- Peroxisome proliferator-activated receptor – Regulator of adipogenesis and central integrator of glucose metabolism, energy homeostasis and skeletal metabolism.
And that’s just a snapshot, NRF2 affects even more. This information comes via an incredible paper by Christine Houghton et al. (source) – which is highly worth reading.
As a result, sulforaphane is under continued study for its potential role in life extension, cancer prevention and more. To learn more about Sulforaphane, see Rhonda’s highly detailed video on the subject.
Whilst the ultimate low-cost alternative to high end sulforaphane supplements is sprouting your own (see below), often this can be inconvenient. It takes time, preparation, and isn’t always possible when travelling or busy with work.
Since Rhonda had a child, her time is more limited, and at least for now she is opting to take sulforaphane as a supplement – rather than sprouting her own.
Below we’ll look at the best sulforaphane supplements on the market.
Jed Fahey of John Hopkins University, one of the leading researchers in sulforaphane/NRF2, warns us to be careful of which supplement we use. His lab, which has analyzed dozens of supplements over the years, has found that many are terrible, and don’t contain what they say they do. For more info on Jed, see Rhonda’s interview with him.
To complicate matters, there are 3 main ways to consume sulforaphane:
- Pure Sulforaphane – Average bioavailability of 70%*
- Glucoraphanin + Myrosinase – Average bioavailability of 35%*
- Glucoraphanin only – Average bioavailability of 10%*
* Bioavailability numbers come from Jed Fahey’s research at John Hopkins (source).
Below is a list of the sulforaphane supplements tested and used by Jed Fahey’s team at John Hopkins University in their clinical studies:
A French manufacturer called Nutrinov currently makes the only free-form stabilized sulforaphane supplement on the market; Prostaphane. So far it’s only available in France. Rather than containing sulforaphane glucosinolate like most sulforaphane products, it contains a free-form stabilized version of sulforaphane. They market it to help with an aging prostate, but as it’s pure sulforaphane, it has many other benefits.
For those outside of France, the easiest alternative is a product by Nutramax Laboratories called Avmacol. It contains the glucoraphanin (sulforaphane glucosinolate) extracted from broccoli seeds, alongside the activation enzyme myrocinase. Adding the myrocinase makes the glucoraphanin more bioavailable than without it.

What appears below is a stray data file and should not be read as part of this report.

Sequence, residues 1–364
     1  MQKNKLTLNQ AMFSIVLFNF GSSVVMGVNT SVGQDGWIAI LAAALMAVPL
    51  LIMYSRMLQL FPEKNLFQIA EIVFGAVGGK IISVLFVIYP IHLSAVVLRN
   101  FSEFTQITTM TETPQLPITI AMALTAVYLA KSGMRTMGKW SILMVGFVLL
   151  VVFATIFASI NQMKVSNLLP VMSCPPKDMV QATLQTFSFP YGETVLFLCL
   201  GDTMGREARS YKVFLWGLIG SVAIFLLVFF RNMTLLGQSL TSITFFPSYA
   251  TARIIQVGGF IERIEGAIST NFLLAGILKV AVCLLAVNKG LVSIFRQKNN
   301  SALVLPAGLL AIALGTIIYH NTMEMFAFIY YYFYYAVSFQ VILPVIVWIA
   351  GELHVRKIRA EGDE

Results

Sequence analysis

The last sulforaphane supplement that has been tested by Jed Fahey and his team is Thorne’s Crucera-SGS. This contains glucoraphanin (sulforaphane glucosinolate, or SGS), but doesn’t contain the additional myrocinase enzyme. Interestingly, our guts do contain bacteria that convert glucoraphanin into sulforaphane. The amounts vary from person to person, and aren’t as optimal as consuming active myrocinase.
- The 3 supplements above have been tested and used in clinical trials by John Hopkins University – so we can trust they contain what they say, unlike many other broccoli sprout supplements that are ineffective.
- The most bioavailable supplement is Prostaphane, but this is only distributed in France.
- The next most bioavailable product is Avmacol, which is available in the USA.
Another benefit of using Avmacol over home grown sprouts is for situations where risk of infection must be minimized – including pregnant mothers and those with compromised immune systems. Home grown sprouts run the risk of bacterial contamination, if they’re not kept completely sterile, whereas sprouts processed into Avmacol do not carry this risk.
Rhonda’s dosage: 1 tablet of Prostaphane per day
Melatonin is a hormone produced by our bodies to regulate the sleep-wake cycle. We produce melatonin as the sun sets and night sets in, and we reduce production as the sun rises and our body preps for wakefulness.
Rhonda suggests that melatonin can be useful as we age (particularly for those 50+), because over time our natural production decreases.
The aspect of melatonin production decreasing with age is important (see this study for more discussion). We know that good sleep is absolutely crucial to overall health, so if we can supplement melatonin and measure a noticeable positive impact on sleep, that’s a big (easy) win. This can be coupled with exercise, which also improves sleep quality (for both younger and older people).
The specific figure of 9mg likely comes from a string of research papers on sleep disruption, where 9mg was the dose used.
During the interview she didn’t specifically mention which specific brand she’s using, but her go-to brands with relevant doses include Life Extension – Melatonin 3mg and Pure Encapsulations – Melatonin 3mg
Rhonda’s Dosage: 9mg / nightly
Supplements Used Intermittently
In a recent podcast with Kevin Rose (Jan 2020 – link), Rhonda discussed magnesium and how she aims to get it largely from her diet, in particular leafy green vegetables.
The reason that leafy green vegetables are a good source, is that magnesium composes part of the chlorophyll molecule, the green pigment in plants that helps absorb light. So, if you see dark green vegetables, you know you’ll be getting some of the bound-up magnesium from it. Despite this, approximately 1/2 the US population are thought to be deficient in it23
When Rhonda feels she may not be getting enough magnesium from her diet, she says she will supplement with magnesium bisglycenate, at approximately 200mg. In the podcast she didn’t actually mention which brand she uses for this, but I’d imagine it’s something like Thorne’s Magnesium Bisglycinate, given that she often uses Thorne products, and they happen to make one with exactly 200mg/dose.
Rhonda’s Dosage: 200mg – when needed